Glasgow & West Scotland

Celtic Connections starts with torchlight procession

Celtic Connections
Image caption (Clockwise from top) Festival torchlight procession, Mavis Staples and Sir Tom Jones

Scotland's biggest winter music festival - Celtic Connections - got under way with a torchlight procession through Glasgow.

Pipe bands led a march of about 130 people from George Square to the main venue at the Royal Concert Hall.

About 1,500 artists are expected to perform in more than 300 events across 14 venues between 13 and 30 January.

Sir Tom Jones, Mavis Staples, the Blind Boys of Alabama and Craig Armstrong are among those taking part.

Celtic Connections is entering its 18th year in 2011.

Acclaimed album

The winter festival has grown dramatically since it first began as a way of filling the Royal Concert Hall's January schedule.

Welsh music legend Sir Tom Jones will perform his latest album, Praise and Blame, in a one-off show at the venue on 17 January.

Jones' acclaimed 39th studio album is a collection of American gospel, blues, traditional and country songs.

The festival also features a 70th birthday tribute to Bob Dylan, who has long acknowledged his debt to Scottish folk music.

The American singer-songwriter has been invited to attend the event at the Royal Concert Hall on 24 January.

Gavin Moir, 63, a teacher from East Kilbride, was taking part in the torchlight parade for the first time this year.

He said: "I'm very excited about taking part. It's a great way to start. I've been to Celtic Connections over a number a years. It's always a joy."

'Post-Yuletide gloom'

The Lord Provost of Glasgow Bob Winter led the procession.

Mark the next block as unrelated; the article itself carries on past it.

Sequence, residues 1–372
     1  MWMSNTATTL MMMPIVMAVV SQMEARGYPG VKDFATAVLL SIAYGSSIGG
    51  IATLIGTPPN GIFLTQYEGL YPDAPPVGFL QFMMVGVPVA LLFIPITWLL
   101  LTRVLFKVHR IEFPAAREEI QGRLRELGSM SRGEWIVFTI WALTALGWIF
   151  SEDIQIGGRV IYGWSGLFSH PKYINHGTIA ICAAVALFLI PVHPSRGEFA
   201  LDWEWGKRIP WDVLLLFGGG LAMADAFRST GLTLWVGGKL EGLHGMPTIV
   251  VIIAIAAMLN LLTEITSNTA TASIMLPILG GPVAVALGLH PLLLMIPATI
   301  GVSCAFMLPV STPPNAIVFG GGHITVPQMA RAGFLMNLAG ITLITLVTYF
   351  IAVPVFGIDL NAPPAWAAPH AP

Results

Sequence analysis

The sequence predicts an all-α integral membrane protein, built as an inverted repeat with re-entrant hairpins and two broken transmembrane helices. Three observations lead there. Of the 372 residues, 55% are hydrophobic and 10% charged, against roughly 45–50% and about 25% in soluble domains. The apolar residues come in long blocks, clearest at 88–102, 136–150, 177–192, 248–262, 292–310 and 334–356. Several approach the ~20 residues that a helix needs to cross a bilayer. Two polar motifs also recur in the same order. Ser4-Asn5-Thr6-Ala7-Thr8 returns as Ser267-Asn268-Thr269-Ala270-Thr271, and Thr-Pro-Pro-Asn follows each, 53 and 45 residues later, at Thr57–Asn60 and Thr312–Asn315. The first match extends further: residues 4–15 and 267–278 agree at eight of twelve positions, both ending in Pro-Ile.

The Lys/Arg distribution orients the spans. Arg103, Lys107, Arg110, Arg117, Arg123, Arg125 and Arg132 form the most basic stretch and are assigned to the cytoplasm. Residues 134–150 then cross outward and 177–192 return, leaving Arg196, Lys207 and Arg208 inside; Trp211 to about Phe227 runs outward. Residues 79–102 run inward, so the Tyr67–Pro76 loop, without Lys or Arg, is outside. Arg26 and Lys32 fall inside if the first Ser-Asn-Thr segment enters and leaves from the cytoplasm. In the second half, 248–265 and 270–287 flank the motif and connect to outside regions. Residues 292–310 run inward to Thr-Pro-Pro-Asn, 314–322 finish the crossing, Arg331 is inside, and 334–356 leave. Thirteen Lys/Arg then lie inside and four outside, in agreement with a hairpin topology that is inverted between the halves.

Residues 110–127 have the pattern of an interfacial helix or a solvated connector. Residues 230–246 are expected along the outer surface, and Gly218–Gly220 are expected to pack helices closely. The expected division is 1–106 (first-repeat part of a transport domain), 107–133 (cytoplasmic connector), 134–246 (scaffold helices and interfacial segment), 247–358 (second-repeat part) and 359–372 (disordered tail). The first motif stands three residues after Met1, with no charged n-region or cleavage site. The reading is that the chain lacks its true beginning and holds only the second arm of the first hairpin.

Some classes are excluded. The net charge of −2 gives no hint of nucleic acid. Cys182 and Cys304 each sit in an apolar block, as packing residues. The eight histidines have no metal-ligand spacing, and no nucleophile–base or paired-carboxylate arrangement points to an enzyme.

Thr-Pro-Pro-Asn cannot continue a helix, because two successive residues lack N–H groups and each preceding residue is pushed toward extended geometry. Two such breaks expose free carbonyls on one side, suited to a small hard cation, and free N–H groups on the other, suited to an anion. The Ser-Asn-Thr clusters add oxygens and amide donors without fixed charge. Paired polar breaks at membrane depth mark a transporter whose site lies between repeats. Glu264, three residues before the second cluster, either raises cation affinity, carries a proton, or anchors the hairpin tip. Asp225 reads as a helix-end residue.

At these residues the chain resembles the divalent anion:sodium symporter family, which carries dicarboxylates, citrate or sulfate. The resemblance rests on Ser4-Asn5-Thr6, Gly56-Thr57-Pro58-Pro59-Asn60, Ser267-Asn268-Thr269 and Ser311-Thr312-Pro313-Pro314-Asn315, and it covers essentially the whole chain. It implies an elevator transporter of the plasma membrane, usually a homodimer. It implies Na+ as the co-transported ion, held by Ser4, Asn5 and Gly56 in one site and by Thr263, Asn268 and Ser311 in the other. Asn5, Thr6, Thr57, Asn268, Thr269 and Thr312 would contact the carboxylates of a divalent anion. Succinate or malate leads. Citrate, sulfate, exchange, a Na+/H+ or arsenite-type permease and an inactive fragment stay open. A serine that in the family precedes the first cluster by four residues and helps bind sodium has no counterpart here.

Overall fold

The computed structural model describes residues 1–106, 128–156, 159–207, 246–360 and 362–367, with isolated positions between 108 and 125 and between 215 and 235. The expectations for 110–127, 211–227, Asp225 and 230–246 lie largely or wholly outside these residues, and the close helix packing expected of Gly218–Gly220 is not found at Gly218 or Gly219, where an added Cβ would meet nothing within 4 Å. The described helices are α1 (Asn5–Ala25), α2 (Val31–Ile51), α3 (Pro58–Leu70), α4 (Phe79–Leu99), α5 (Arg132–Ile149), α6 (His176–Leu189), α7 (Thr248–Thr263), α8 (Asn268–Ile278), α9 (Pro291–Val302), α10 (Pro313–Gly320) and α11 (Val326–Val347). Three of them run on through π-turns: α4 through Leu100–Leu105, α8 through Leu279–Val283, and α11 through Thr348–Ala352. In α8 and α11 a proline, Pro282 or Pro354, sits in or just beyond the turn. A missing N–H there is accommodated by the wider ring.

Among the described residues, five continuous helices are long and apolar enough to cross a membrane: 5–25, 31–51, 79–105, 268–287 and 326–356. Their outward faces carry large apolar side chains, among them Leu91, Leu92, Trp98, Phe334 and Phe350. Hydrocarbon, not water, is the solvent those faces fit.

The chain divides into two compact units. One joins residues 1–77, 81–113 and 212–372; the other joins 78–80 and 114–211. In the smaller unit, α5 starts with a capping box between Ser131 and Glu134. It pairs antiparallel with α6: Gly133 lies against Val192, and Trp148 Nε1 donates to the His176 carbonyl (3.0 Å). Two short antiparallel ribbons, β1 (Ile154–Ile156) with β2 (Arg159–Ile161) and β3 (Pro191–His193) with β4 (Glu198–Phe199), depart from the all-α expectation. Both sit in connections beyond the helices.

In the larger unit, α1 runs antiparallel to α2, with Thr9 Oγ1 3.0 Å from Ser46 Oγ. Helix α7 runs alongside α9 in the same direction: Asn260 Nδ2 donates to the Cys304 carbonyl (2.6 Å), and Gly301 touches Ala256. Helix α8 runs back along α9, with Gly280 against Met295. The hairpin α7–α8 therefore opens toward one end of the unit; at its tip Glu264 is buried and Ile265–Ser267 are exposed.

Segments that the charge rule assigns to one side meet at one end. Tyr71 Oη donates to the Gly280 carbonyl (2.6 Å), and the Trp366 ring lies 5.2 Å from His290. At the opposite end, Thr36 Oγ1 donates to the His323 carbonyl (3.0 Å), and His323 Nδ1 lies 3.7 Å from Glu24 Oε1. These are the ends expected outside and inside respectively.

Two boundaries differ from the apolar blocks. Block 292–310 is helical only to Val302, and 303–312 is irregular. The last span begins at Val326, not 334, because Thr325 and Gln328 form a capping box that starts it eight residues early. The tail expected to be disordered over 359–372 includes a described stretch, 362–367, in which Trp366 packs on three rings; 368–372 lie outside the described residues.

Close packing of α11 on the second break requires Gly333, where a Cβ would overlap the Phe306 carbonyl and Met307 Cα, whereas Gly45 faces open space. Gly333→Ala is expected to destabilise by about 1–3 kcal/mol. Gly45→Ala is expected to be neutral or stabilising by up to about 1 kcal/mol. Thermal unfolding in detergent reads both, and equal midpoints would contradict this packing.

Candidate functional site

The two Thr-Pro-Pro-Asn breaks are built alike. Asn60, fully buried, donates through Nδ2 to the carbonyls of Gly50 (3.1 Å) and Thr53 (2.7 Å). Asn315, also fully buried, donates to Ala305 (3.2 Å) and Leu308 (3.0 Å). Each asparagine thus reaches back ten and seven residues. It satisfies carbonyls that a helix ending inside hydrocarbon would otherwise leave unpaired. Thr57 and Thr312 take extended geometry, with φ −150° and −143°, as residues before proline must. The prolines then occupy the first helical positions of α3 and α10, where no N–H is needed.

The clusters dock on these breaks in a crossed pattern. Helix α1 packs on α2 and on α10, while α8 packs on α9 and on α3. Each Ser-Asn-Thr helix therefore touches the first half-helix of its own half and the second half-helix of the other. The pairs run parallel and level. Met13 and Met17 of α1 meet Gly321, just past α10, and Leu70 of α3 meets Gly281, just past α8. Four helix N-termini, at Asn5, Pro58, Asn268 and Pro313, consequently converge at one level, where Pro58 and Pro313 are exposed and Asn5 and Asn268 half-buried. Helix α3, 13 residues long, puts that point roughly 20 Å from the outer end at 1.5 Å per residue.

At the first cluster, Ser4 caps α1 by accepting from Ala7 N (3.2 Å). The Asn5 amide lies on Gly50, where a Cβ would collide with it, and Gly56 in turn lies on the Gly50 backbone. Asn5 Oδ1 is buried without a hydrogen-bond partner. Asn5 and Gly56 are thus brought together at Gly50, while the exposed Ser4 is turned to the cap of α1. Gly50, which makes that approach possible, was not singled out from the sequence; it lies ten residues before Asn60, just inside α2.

He said: "It's very, very important to have this festival at this time of year.

"There is a kind of post-Yuletide gloom which hits our economy and sometimes affects the spirits of our people. This festival really comes in and engages thousands of people in the city."

Donald Shaw, artistic director of Celtic Connections, said: "Essentially it's a traditional, Celtic roots festival and originally the festival, the backbone of it, was just traditional and Gaelic music.

"Now it's developed into a festival of all strands - folk, jazz, world, gospel, indie. We pretty much cover everything, but we're still very much based on a roots music idea."

He said the introduction of a gospel strand was based on the "very strong links" between Western Isles Gaelic singing and religious singing from the Hebrides, which in turn is connected to black gospel music from the southern US.

The opening concert for the festival was also staged at the Glasgow Royal Concert Hall on Thursday evening.

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